Tuesday, March 20, 2012

Wine Tasting

Wine tasting here was one of the things we looked forward to on this trip and we were not disappointed. We knew were would be staying close to South Africa's wine country and had tried a couple of South African wines in the US which we enjoyed so we expected good things.

We have of course been drinking South African wines since we got here and finding them quite good and inexpensive. Our first tasting came when we went to Cape Agulhas, the southern tip of Africa where we could see the Indian and Atlantic Oceans fighting each other. We stopped at a small wine shop before leaving the area and tasted two nice wines there. South Africa is known for its Chenin Blanc and we found a nice one there. On our drive back we stopped in Bredasdorp at Envirowines, a collective of environmentally produced wines. For a winery to be able to use the Envirowine label, they have to pass three years of inspections that include the wine making facility and the tasting room. Just like in our conversations in Durban with Brian, we have to expand our definition of environmental here. The host agreed to let us taste some of his excellent wines so we sat out on the deck while he served us and explained the system. He also told us he had spent nearly a year in New York City spending an inheritance when he was younger. The inheritance is gone, but he has no regrets about the time in that great city.

We have been wine tasting three other days. The first was in the Hermanus area, the second in Franschhoek and Schellenbosch, and the third in Swartland. In all three areas we have found some excellent Chenin Blancs and some wonderful fruity reds. Given how inexpensive wine is here, it will be hard to return to US prices. Most wineries have wines under $10 and many have had some very good wines at less than $5. It is too bad it is so hard to find South African wines on the west coast. Shipping costs are almost prohibitive even for the cheapest of the wines to get from South Africa to the east coast and then by truck or rail to Washington.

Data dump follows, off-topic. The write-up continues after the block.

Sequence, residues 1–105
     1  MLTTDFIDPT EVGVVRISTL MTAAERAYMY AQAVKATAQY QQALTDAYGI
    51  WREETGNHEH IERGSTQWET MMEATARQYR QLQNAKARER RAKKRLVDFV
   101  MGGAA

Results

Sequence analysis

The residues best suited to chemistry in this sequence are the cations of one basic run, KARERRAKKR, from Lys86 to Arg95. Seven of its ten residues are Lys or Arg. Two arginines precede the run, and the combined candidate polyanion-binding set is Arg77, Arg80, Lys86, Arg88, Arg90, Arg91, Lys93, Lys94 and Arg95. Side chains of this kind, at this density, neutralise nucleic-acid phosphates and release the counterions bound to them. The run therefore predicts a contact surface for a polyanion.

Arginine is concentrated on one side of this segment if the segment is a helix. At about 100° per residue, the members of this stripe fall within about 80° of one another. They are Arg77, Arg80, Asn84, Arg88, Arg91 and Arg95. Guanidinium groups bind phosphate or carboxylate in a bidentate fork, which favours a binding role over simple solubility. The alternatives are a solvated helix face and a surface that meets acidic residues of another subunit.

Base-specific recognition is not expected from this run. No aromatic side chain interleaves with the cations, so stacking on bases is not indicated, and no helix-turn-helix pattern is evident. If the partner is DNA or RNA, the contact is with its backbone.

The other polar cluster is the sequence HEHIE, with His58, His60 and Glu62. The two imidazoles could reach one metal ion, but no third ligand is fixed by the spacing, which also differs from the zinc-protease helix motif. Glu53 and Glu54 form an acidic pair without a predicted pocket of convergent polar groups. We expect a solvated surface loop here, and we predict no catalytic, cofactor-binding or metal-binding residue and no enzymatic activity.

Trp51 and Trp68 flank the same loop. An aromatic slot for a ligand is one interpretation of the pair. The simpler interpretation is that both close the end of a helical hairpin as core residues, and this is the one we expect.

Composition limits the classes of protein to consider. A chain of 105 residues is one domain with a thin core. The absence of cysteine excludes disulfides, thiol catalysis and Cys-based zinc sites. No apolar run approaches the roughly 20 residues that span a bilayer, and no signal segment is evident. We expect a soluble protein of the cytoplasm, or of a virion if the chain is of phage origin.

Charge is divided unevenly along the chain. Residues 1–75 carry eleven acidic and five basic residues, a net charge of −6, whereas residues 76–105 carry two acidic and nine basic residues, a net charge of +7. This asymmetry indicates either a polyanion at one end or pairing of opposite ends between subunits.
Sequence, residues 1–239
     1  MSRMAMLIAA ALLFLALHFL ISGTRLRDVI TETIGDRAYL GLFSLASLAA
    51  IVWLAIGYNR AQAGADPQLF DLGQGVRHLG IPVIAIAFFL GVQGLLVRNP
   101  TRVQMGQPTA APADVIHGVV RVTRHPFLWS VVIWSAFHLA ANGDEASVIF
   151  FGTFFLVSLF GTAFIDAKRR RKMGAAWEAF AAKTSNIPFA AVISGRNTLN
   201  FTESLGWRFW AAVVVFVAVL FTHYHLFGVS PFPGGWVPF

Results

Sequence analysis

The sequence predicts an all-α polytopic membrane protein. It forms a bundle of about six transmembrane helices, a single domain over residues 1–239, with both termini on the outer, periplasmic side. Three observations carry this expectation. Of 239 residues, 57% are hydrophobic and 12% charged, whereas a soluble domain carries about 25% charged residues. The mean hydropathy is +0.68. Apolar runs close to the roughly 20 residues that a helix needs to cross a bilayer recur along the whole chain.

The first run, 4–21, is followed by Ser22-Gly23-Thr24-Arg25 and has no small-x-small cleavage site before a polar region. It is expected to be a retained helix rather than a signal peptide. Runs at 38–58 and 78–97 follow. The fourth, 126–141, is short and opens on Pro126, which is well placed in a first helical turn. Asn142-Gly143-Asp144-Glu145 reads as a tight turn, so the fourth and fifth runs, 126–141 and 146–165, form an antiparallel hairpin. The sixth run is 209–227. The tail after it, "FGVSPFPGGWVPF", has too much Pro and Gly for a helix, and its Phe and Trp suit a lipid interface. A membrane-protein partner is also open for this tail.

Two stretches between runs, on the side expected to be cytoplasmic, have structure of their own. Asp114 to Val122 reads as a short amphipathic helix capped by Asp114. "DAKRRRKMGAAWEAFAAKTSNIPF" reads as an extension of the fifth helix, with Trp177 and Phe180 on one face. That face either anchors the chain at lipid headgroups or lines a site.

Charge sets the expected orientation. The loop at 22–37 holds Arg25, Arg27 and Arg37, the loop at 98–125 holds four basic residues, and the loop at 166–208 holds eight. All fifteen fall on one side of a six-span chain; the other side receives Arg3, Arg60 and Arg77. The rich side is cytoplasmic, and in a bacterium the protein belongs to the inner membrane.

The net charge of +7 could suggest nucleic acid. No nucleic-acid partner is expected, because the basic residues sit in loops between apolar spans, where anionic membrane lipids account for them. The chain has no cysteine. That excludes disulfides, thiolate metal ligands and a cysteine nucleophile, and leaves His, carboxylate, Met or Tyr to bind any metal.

In general, we have found wine tasting to be quite civilized here. Most places will seat you at a table and serve you with fresh classes for each new wine. It helps that usually we have been the only tasters. The exception was in Stellenbosch where there were much larger crowds, but still not on the level we have come to expect anywhere in Washington, Oregon, or California. Of the 15 wineries, we have visited, we only paid a tasting fee once. A couple of them had a charge they waive with a purchase. Since we purchased at all but one, that was not a problem.

It has always been easy to find a winery that also serves food for lunch, usually with a view. La Vierge in the Hermanus area looked out over the valley. Even the bathrooms were set up so we could view while …. The urinals are set against a large window. The toilets had a similar setup. Warwick in the Stellenbosch region offered picnics overlooking a large pond. People wanting to sit on the lawn while eating were able to use large pillows. Several couples enjoyed these pillows while tasting and enjoying the view.

Every winery we have visited included a highly knowledgeable and friendly toast or hostess. This is not something we always find in the US, where the pourers are often just that. Most pourers in the US can give a cursory description at least, but here we have always been given a detailed description of the growth of the wines and what to expect as we taste. These mostly young people are very well trained in what they do.

The biggest surprise in our tasting was that most of the wines we tasted were very young, even several 2011 vintages. We passed on purchasing some of these wines because they clearly need some time to age and we don't plan to put any in our luggage for the trip home with the single exception of a port that Jim loved. We overheard one taster at Kanonkop (Cannon Hill) tell a friend that he had purchased one of their wines three years earlier and had been offered five times what he paid for it. Kanonkop is rated one of the best wineries in South Africa, but we found them too young for our taste. Had we been living here with a cellar, we would have followed his lead. Unfortunately ten days isn't enough to age a wine.

If you come to South Africa, you must do some tasting. And don't limit yourself to the famous Stellenbosch area. Other regions also produce some fine wines and just like home the beauty of the wine country is special.

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